you’re using. Longer focal lengths will accentuate the amount of camera
    shake you have and so you’ll need to choose a faster shutter speed
    (unless you have image stabilization in your lens or camera). The
    ‘rule’ of thumb to use with focal length in non image stabilized
    situations) is to choose a shutter speed with a denominator that is
    larger than the focal length of the lens. For example if you have a
    lens that is 50mm 1/60th is probably ok but if you have a 200mm lens
    you’ll probably want to shoot at around 1/250.

Shutter Speed – Bringing it Together

Remember that thinking about Shutter Speed in isolation from the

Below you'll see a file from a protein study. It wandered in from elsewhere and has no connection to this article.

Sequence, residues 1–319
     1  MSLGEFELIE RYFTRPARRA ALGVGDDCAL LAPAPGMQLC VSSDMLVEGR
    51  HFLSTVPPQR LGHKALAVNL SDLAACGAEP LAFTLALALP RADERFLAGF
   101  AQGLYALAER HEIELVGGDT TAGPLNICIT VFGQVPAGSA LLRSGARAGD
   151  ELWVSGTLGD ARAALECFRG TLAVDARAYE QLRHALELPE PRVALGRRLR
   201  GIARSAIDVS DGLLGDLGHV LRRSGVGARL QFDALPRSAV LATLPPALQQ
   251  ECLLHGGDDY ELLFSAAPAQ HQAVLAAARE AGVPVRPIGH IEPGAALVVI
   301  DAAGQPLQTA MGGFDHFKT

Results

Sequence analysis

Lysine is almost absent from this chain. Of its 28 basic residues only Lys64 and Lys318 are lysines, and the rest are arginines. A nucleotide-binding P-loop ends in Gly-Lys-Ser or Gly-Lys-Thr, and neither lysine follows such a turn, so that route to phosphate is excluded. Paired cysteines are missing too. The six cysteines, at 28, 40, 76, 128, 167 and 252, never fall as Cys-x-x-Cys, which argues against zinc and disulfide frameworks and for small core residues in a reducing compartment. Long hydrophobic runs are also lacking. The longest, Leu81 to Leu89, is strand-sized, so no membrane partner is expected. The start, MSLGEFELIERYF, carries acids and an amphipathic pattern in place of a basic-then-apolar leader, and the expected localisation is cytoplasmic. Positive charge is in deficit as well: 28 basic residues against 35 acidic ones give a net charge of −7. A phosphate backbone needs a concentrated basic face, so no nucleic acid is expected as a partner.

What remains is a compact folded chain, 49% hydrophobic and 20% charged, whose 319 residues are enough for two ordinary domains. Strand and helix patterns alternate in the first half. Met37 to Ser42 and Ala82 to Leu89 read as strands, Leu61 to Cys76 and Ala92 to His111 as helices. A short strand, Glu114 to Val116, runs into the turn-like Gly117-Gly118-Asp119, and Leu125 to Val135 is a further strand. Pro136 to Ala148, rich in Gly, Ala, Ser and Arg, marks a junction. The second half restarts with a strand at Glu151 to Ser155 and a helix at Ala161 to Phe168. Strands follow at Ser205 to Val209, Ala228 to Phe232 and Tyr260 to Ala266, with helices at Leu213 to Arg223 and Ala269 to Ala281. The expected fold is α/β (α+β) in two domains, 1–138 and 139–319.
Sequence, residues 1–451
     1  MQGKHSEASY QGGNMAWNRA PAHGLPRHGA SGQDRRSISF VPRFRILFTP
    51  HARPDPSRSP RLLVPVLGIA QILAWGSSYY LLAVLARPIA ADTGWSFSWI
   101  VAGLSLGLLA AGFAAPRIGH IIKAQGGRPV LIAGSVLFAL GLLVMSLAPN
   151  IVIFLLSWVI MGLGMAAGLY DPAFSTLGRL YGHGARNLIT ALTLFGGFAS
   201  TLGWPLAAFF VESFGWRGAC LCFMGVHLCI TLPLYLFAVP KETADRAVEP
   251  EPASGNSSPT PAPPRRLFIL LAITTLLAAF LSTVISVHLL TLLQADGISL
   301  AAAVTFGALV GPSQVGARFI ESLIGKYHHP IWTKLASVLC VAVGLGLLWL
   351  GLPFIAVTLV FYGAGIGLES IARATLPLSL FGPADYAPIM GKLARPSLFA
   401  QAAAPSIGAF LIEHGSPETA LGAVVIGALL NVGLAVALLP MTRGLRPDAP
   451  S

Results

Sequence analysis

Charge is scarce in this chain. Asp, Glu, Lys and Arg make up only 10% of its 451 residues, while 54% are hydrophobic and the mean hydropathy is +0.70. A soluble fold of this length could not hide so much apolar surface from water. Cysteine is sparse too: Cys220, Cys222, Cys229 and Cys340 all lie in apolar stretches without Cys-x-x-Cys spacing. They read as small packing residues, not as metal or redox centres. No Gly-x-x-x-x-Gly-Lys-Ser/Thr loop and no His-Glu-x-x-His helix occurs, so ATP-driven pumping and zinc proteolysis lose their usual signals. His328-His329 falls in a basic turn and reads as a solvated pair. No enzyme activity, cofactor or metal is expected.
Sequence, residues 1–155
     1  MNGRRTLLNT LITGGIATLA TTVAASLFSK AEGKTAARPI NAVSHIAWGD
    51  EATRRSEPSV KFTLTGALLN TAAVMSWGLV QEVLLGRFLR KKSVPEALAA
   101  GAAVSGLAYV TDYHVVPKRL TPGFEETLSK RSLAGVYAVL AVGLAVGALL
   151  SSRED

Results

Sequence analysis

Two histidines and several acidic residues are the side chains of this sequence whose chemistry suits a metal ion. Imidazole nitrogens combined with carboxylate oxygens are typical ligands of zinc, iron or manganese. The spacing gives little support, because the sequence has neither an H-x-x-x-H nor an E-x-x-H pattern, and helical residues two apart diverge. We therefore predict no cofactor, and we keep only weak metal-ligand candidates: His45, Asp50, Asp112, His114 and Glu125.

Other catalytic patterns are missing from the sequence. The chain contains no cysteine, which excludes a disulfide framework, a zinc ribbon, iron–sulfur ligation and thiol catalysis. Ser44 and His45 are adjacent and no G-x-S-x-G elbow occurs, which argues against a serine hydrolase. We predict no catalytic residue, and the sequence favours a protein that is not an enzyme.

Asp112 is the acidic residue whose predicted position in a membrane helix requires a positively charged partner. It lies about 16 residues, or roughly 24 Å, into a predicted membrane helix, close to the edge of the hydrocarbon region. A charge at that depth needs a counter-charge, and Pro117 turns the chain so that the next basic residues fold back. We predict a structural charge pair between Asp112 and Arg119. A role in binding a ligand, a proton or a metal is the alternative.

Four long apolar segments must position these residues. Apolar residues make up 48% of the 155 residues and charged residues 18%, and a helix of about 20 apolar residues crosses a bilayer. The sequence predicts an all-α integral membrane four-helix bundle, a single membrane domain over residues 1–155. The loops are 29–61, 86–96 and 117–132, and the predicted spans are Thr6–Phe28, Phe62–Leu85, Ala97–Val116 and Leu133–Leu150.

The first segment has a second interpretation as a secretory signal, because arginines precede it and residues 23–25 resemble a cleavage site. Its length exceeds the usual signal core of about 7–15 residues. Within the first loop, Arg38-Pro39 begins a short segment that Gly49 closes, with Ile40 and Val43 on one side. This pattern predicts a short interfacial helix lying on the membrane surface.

other two elements of the Exposure Triangle (aperture and ISO) is not
really a good idea. As you change shutter speed you’ll need to change
one or both of the other elements to compensate for it.

For example if you speed up your shutter speed one stop (for example
from 1/125th to 1/250th) you’re effectively letting half as much light
into your camera. To compensate for this you’ll probably need to
increase your aperture one stop (for example from f16 to f11). The
other alternative would be to choose a faster ISO rating (you might
want to move from ISO 100 to ISO 400 for example).

I’ll write more on bringing it together once I’ve written a post in
the coming week on the last element of the Exposure Triangle – Aperture.

Update: Want more control of your Digital Camera?
Check out our eBook Photo Nuts
and Bolts: Know Your Camera and Take Better Photos
.

Source :  Digital Photography school -
by Darren Rowse